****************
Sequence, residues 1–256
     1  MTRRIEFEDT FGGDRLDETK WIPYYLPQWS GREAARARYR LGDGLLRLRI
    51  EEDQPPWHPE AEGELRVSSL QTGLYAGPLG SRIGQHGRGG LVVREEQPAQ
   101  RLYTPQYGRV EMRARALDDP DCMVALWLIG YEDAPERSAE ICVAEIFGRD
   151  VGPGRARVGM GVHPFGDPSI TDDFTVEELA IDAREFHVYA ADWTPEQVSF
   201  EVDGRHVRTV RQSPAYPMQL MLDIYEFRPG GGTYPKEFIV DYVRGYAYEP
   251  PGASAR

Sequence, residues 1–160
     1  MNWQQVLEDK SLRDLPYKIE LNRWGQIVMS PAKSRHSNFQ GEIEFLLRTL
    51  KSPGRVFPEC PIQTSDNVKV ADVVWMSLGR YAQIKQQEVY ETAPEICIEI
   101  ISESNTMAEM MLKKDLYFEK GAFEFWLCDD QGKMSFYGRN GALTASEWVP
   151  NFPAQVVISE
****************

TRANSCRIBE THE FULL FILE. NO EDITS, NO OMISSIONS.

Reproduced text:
Sequence, residues 1–256
     1  MTRRIEFEDT FGGDRLDETK WIPYYLPQWS GREAARARYR LGDGLLRLRI
    51  EEDQPPWHPE AEGELRVSSL QTGLYAGPLG SRIGQHGRGG LVVREEQPAQ
   101  RLYTPQYGRV EMRARALDDP DCMVALWLIG YEDAPERSAE ICVAEIFGRD
   151  VGPGRARVGM GVHPFGDPSI TDDFTVEELA IDAREFHVYA ADWTPEQVSF
   201  EVDGRHVRTV RQSPAYPMQL MLDIYEFRPG GGTYPKEFIV DYVRGYAYEP
   251  PGASAR

Sequence, residues 1–160
     1  MNWQQVLEDK SLRDLPYKIE LNRWGQIVMS PAKSRHSNFQ GEIEFLLRTL
    51  KSPGRVFPEC PIQTSDNVKV ADVVWMSLGR YAQIKQQEVY ETAPEICIEI
   101  ISESNTMAEM MLKKDLYFEK GAFEFWLCDD QGKMSFYGRN GALTASEWVP
   151  NFPAQVVISE